# Lesson video

In progress...

Hi, I'm Mrs. Dennett and in today's lesson, we're going to be finding the complement of a set.

Here's a Venn diagram.

We can see that the universal set contains the numbers one to 10.

Set A contains only even numbers, and set B contains elements one, two and nine.

We're going to find the complement of set A.

This means that we want to find all the elements of the universal set that are not in set A.

I've covered up the numbers in set A.

This shaded blue region is the complement of A.

We write A with a dash equals five, seven, one, nine and three in curly brackets.

These are all of the elements not in set A.

Similarly, we can find the complements of set B, cover up circle B, and write down all of the elements not in circle B.

These are five, seven, six, eight, four, 10 and three.

And then we have the complement of set B.

Here's a question for you to try.

Pause the video to complete the task and restart when you are finished.

You can see that we haven't shaded in circle A for each of these questions.

Even when another set is inside set A or overlaps with it, we don't shade it as elements of A will be within that region.

Before we continue, let's recap some more important set notation.

Can you remember what this shaded section represents? This is the intersection.

We write A intersect B like this.

What about the bottom diagram? What does the shaded section represent? Circle A and circle B are shaded.

We call this the union of two sets, sets A and B, and we write it like this.

Here's a question for you to try.

Pause the video to complete the task and restart when you are finished.

To find the complement of B, cover up all of circle B and list the remaining numbers of the universal set.

A union B is all of the numbers in circle A or B, or the overlap.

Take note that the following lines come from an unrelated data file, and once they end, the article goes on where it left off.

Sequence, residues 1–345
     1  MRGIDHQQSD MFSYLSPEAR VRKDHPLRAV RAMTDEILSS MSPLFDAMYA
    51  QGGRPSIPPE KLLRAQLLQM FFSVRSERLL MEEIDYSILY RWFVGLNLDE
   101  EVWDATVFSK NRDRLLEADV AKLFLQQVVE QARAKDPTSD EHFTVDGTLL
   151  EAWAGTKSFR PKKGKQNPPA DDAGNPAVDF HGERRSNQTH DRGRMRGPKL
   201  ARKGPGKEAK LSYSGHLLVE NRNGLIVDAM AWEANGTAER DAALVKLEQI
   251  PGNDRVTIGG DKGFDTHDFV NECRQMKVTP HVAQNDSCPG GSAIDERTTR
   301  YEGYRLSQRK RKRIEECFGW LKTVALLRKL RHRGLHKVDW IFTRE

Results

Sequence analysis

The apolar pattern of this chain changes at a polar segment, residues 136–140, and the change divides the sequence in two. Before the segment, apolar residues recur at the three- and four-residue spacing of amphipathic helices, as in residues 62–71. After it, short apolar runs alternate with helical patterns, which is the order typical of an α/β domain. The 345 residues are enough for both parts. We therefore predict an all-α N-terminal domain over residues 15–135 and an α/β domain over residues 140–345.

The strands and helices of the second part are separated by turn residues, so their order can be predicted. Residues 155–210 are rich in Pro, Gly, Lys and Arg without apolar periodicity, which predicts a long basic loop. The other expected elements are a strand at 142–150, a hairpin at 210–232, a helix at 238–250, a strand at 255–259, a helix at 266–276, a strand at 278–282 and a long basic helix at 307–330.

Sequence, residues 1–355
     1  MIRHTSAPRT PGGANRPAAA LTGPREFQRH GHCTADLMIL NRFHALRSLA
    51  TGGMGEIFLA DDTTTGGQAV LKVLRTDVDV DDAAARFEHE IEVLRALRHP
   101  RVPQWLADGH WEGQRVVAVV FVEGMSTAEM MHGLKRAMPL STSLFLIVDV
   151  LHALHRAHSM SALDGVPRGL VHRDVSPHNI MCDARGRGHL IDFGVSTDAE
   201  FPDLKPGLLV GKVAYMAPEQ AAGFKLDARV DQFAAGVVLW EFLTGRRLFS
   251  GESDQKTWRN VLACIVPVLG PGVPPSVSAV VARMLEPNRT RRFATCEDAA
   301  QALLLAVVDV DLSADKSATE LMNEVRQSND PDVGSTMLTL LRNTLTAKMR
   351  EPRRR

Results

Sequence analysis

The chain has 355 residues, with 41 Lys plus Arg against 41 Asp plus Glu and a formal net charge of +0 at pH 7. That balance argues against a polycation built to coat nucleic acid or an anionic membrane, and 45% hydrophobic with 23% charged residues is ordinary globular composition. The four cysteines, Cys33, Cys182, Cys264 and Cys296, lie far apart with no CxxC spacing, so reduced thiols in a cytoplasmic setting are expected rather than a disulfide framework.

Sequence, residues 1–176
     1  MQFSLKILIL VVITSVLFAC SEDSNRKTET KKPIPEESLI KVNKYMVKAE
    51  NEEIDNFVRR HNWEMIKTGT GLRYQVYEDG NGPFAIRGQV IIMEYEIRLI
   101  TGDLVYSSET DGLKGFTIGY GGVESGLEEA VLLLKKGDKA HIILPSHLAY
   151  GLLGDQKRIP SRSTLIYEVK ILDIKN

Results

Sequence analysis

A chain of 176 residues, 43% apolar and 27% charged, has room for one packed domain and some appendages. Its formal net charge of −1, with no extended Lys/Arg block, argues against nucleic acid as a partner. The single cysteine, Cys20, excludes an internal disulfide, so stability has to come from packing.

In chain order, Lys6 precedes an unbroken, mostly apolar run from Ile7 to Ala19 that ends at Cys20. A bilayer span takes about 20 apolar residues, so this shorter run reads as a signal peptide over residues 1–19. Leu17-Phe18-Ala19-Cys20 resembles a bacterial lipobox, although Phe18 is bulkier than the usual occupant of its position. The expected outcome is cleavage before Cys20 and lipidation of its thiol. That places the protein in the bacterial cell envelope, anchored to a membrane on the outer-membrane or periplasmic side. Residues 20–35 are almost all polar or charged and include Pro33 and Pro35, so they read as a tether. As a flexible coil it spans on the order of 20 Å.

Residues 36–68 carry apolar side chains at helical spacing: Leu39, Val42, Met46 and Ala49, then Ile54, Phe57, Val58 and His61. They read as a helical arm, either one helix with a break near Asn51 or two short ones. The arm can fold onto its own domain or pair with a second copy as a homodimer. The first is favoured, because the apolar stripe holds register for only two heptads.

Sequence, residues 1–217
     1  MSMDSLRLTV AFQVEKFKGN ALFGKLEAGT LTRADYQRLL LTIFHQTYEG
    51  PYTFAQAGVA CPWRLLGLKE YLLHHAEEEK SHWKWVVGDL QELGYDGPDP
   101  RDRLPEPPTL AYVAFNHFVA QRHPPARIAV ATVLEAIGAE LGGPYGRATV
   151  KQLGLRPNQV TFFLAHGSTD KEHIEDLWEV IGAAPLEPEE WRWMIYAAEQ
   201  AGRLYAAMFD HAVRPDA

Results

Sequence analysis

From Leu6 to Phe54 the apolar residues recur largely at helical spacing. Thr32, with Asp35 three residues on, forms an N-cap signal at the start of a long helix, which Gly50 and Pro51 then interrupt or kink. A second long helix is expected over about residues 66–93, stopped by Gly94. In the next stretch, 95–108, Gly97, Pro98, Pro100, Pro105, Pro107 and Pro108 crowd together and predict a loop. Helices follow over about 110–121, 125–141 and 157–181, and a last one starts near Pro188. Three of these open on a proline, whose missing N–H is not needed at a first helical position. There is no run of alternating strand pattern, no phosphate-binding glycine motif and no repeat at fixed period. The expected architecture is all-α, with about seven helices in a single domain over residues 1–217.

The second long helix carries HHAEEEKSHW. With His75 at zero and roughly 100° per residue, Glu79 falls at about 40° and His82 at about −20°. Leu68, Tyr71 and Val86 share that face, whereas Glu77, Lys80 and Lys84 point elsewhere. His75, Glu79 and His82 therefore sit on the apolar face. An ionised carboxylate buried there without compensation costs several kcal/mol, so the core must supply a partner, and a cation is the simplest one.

To find A union complement of B, we look at all the elements of set A or the elements of the complement of B.

12 is in set A, so it's included in our answer.

The only section we don't include is the remaining section of B.

So we don't include three, six or nine.

To find A intersect B, we look at elements of A and B.

Only 12 is in this part of the Venn diagram.

Finally, we want the complement of A intersect B.

This is the opposite of Part D.

Include all of the numbers in the universal set except 12, which is in A and B.

Here is a question for you to try.

Pause the video to complete the task and restart when you are finished.

Two, four and six are in both sets.

So put them here.

In the remaining section of Q, put eight, and then one and three are the remaining elements of R.

Check the universal set for any remaining numbers that aren't in sets Q and R.

Put these inside the rectangle but not inside the circles.

Then look for the complement of Q.

Any numbers not in circle Q needs to be included in this list.

They are one, three, five, seven and nine.

Here is a question for you to try.

We can't really draw a Venn diagram for this question because we're not given the universal set.

However, you may find it useful to sketch one to help you.

Think about the position of certain numbers and where they may go in the Venn diagram.

I will also read out Parts a and b, in case you're not familiar with the notation being used.

True or false, Part a, nine is an element of S intersect T? Part b, 16 is an element of the complement of T? Pause the video to complete the task and restart when you are finished.

For part a, we want to know if nine is a member or number in the intersect of S and T.

Any number in S intersect T would need to be a square number and a multiple of three.

Nine is a square number and a multiple of three.

So it will be in S intersect T.

For part b, think about the complement of T.

This will be any number that is not a multiple of three.

16 is not a multiple of three, so it is not in set T and must therefore be in the complement of T.

Here is a final question for you to try.

Pause the video to complete the task and restart when you are finished.

When completing a Venn diagram, always start with the overlap where possible.

This is the students who study economics and statistics.

Five students go here.

We don't know how many students study only economics so leave this section for now.

Instead, we can fill in the remaining section for students who only study statistics.

15 students only study statistics.

Finally, 44 students don't study economics or statistics.

So these students go in the rectangle.

We know that there are 90 students in total and if we add up five, 15 and 44 we get 64.

This means there are 26 students remaining who must study only economics.

Now we have filled in the diagram, we can work out how many students do not study economics.

This is like finding the complement of set E, the economic circle.

We cover up the circle E and add together 15 and 44 to get 59 students who do not study economics.

That's all for this lesson.

Remember to take the exit quiz.

Thank you for watching.